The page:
Article: Considerations When Drafting Employment Contracts

As a Singapore employment lawyer, I explain in this article various considerations an employer or human resource (HR) executive should consider when drafting or amending employment contracts / agreements.

Similar information may be found on my webpage here.

Not everything is determined by the contract

Many people assume that the employment contract contains all the relevant rules or terms regarding the employment relationship. That is not true.

Apart from the general contract law rules which may intervene to make certain contract terms invalid or unenforceable, there is also written statutory law (passed by the Singapore Parliament) such as:

  1. Employment Act

  2. Employment of Foreign Manpower Act

  3. Child Development Co-Savings Act

  4. Central Provident Fund Act.

Employee or Freelancer / Independent Contractor?

In the first place, it is important to be clear whether the person you are hiring is or should be considered an employee or a freelancer.

You should note that you may use labels or terminology like “freelancer” in the contract, but the law may objectively regard the relationship as employment.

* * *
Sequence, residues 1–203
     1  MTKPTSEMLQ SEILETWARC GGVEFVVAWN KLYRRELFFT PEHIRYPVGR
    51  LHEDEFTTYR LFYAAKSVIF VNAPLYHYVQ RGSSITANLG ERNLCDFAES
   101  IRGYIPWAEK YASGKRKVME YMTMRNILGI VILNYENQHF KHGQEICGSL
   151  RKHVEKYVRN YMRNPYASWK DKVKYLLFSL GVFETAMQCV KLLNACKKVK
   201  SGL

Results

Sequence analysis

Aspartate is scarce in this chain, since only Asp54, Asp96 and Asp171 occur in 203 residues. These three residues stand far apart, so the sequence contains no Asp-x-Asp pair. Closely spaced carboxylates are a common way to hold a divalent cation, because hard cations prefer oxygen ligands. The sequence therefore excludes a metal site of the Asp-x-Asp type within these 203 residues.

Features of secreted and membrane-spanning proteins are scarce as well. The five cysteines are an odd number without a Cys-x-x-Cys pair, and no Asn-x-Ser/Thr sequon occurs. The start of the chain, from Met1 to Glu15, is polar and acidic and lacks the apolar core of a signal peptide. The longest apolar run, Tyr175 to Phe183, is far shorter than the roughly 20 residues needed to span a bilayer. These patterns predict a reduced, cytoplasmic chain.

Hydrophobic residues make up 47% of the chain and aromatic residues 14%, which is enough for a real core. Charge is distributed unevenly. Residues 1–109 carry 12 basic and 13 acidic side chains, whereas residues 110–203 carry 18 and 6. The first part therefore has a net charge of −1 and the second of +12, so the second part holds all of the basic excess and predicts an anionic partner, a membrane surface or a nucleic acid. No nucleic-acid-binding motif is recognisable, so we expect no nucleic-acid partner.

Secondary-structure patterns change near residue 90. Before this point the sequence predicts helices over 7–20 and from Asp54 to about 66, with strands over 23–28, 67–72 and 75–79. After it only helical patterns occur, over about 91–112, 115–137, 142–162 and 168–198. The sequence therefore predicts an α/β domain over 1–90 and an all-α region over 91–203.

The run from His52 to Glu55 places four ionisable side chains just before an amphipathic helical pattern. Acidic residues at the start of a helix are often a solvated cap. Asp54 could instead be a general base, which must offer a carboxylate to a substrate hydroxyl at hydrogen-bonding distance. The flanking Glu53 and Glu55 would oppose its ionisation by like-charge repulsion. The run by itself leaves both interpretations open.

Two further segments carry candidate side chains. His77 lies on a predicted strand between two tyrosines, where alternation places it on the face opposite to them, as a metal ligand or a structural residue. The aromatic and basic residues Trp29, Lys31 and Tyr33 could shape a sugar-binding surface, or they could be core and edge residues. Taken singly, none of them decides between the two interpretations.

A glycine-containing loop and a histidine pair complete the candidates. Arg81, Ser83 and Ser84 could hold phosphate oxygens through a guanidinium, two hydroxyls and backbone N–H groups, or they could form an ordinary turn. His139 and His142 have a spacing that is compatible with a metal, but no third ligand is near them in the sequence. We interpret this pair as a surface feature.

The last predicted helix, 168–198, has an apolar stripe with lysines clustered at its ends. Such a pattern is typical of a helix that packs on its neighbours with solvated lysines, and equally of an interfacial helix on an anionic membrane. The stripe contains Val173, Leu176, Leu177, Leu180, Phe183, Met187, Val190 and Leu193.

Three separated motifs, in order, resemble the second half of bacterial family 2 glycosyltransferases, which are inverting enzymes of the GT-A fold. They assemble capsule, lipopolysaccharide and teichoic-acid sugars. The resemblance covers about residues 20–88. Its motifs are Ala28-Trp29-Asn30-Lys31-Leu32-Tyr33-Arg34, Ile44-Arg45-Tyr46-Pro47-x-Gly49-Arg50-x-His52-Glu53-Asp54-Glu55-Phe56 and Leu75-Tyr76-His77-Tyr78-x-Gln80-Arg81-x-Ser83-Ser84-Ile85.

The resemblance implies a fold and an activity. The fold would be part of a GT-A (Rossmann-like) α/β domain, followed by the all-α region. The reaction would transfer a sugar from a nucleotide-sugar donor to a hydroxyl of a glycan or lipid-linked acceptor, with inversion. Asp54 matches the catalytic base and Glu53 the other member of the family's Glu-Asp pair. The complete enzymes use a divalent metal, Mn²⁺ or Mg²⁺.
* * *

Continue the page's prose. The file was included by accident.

The law distinguishes between an employee (under a contract of service) and a freelancer or independent contractor (under a contract for service).

There are legal consequences that follow from the distinction. E.g. employers and employees must contribute to the employees’ Central Provident Fund (CPF) account. Employers who fail to do so can be charged and convicted, as was in the case of Public Prosecutor v Jurong Country Club and another appeal [2019] SGHC 150.

Employees will also be given certain legal rights under the Employment Act. Independent contractors will not.

There is no definitive test or rule to distinguish between the two categories. The courts have considered multiple factors on the facts of each case, including:

  1. Extent of control by the organisation over the personnel;

  2. Personal service – whether the personnel is allowed to delegate or subcontract responsibilities to another person;

  3. Mutuality of obligations – specific obligation for fee;

  4. Financial risk, earnings, and ownership of assets;

  5. Renegotiation and renewal of the contracts – frequency and duration;

  6. Remuneration structure and commission;

  7. Working arrangements and benefits relative to other personnel/employees.

A detailed summary of the factors considered in the Jurong Country Club case is found in my case summary here.

It should also be noted that both part-time and full-time employees are considered employees under certain laws like the Employment Act.

Mandatory Key Employment Terms

Under the law, employers must issue key employment terms (KETs) to employees, which are the essential terms of employment contained in a contract of service between the employer and the employee.

Under the law, employers must issue KETs in writing to all employees who:

  1. Enter into a contract of service on or after 1 April 2016.